His dream and life trajectory changed on June 12, 1962. While driving home from school, about to pull into the dirt entrance of his family’s ranch, a car T-boned Lucas’s small Fiat, rolling it several times into the base of a walnut tree. In a potentially lifesaving moment, Jones wrote, the mount for Lucas’s self-installed racing belts broke, causing him to be launched out of the car before it wrapped around the tree.

Lucas’s left scapula fractured, his lungs were bruised, his heart rate plummeted and he went into shock. During his months of recovery, Lucas decided to put to rest his dream of being a race car driver. He felt like he was starting a new life, Jones wrote.

“I was in an accident that, in theory, no one could survive,” Lucas told Jones. “So, it was like, ‘Well, I’m here, and every day now is an extra day. I’ve been given an extra day, so I’ve got to make the most of it. And then the next day I began with two extra days.’ … You can’t help in that situation but get into a mindset like that…. You’ve been given this gift and every single day is a gift. And I wanted to make the most of it.”

He did so by turning his attention to filmmaking.

While he no longer focused on becoming a race car driver, he never lost his passion for cars or racing. That was apparent in his second feature-length film American Graffiti, which was a love letter to the days of classic car cruising. Then, four years later, Lucas’s life took another turn when he entered the galaxy far, far away.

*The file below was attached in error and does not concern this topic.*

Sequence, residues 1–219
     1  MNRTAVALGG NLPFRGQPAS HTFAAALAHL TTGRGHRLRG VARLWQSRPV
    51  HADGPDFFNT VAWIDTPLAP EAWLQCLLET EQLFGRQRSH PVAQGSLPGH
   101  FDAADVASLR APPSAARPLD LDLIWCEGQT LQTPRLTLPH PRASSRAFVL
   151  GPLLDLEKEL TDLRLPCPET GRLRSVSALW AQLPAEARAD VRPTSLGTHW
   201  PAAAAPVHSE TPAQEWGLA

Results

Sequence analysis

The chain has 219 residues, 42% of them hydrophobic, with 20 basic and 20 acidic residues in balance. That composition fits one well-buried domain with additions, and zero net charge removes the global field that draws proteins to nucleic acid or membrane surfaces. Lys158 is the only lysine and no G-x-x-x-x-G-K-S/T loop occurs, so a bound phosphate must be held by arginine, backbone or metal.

Star Wars was released on May 25, 1977 and grew into the worldwide phenomenon it is today. Between the films, TV shows, books, video games and merchandise, the franchise has grossed billions. Even with that, Lucas never lost his racer’s heart; showcased with the creation of Pod Racing in Star Wars: Episode I: The Phantom Menace.

That same level of passion will be on display when the best Big Block Modified drivers in the galaxy compete for a $10,000 top prize during the 100-lap King of the Big Blocks event at Bridgeport Speedway.